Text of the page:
Those monsters work because they tap into the primal fears of the human heart. Don’t look away! What’s in your brain that you’ve forgotten? Did something just move out of the corner of your eye? (Prisoner Zero.)
 
I’m more a fan of friendly monsters. The reluctant dragon, the werewolf who fights for his loved ones, the sea monster who offers the heroes a ride. Our world is full of amazing animals that are nothing more than monsters. The first Europeans to see ostriches, giraffes and elephants had nothing to compare them to. That’s why everybody laughed at Marco Polo. He came back with tales of monsters. But real-world monsters can be tamed. You can learn their ways and speak their language (like those people who studied wolves or gorillas).
 
In fantasy, there’s good monsters and bad monsters. The bad ones are the killers, the devourers. Or the insidious insect that worms into your brain and makes you evil, like in the Wind on Fire trilogy (the last book has it, I think). Books like the Dark Materials or The Princess and Curdie play with showing a person’s inner self by giving them an animal that represents their soul. Who would you rather hang around with, a man with a golden retriever, or a man with a cockroach?
 
So yes. I could go on and on about this. I heart me some good monsters. 🙂

Literaturelady
Guest
Literaturelady

Wow, great topic and great questions! 
 
Honestly, I think the redeeming of monsters depends on your definition of “monster”–whether the word refers to an terrifying appearance (external monster) or an evil heart (internal monster).  And then with those two types of monsters, I think the word “redeemed” could also use some redefining.  I typed out a long comment (and I do mean a long one) in the box here; then realized I needed to think through the matter a little more.  Maybe I’ll return and post my full thoughts later.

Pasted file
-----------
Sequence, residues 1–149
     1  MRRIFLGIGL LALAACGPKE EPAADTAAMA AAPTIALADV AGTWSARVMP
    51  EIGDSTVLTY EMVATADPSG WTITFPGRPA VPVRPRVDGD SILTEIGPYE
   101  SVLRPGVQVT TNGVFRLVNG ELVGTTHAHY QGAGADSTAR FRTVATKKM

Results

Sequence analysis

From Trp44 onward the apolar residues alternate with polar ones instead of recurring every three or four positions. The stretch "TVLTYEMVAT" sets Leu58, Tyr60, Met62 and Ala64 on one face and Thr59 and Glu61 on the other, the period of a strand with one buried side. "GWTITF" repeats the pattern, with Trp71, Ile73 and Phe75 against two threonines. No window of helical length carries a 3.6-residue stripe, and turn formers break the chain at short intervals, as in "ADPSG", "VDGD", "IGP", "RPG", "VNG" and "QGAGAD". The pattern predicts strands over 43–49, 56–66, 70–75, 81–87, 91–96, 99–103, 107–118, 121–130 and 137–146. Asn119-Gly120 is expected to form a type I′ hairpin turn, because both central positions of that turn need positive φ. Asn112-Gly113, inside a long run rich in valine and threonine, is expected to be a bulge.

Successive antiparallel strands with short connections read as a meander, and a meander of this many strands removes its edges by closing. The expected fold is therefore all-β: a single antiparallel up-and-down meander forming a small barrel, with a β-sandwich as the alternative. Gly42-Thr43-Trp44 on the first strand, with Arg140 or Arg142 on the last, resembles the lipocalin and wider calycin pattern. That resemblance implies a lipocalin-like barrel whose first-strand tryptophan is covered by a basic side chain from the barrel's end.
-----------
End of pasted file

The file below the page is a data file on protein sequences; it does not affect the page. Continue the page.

But as for the monsters that scare me the most, they tend to be the internal monsters, the evil hearts; and not just that, but the villains who mirror events, attitudes, and aspects in this life.  Captain Beatty and the Fahrenheit 451 world is frightening because of its reality:

“[Book burning] didn’t come from the Government down.  There was no dictum, no declaration, no censorship to start with, no!  Technology, mass exploitation, and minority pressure carried the trick, thank God. … Not everyone born free and equal, as the Constitution says, but everyone made equal,  Each man the image of every other; then all are happy, for there are no mountains to make them cower, to judge themselves against.”

 
Or the Capitol from The Hunger Games because that attitude of violent entertainment, the destroying of the sacredness of human life, the “fun lifestyle” pursuit, is where America already is.
 
Or Mr. Curtain from They Mysterious Benedict Society, who found ways to manipulate fear into doing his work for him–if you read the book, you’ll find it’s not as cheesy as it might sound.  🙂
 
So anyway, thanks for posting your thoughts and asking for ours!